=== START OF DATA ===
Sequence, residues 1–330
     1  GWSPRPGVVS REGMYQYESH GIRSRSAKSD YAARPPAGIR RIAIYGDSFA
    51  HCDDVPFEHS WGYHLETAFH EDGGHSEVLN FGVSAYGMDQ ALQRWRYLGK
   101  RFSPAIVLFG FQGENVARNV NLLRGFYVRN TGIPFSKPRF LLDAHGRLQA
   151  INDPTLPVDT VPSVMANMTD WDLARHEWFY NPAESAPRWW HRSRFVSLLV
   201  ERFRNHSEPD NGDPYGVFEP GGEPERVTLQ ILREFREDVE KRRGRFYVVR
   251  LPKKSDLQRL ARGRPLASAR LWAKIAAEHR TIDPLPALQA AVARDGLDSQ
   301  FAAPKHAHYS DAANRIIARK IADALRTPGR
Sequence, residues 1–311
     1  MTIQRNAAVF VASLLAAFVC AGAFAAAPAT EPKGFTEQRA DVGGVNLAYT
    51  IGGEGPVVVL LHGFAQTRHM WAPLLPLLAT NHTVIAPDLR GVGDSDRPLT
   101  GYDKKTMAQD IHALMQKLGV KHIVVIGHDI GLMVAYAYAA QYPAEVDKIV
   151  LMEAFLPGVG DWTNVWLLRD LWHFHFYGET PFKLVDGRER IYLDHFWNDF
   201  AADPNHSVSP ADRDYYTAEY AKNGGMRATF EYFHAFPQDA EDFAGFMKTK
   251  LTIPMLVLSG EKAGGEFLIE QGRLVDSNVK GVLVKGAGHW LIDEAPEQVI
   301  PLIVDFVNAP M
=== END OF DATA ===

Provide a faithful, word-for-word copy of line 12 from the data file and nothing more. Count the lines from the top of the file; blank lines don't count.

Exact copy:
   101  GYDKKTMAQD IHALMQKLGV KHIVVIGHDI GLMVAYAYAA QYPAEVDKIV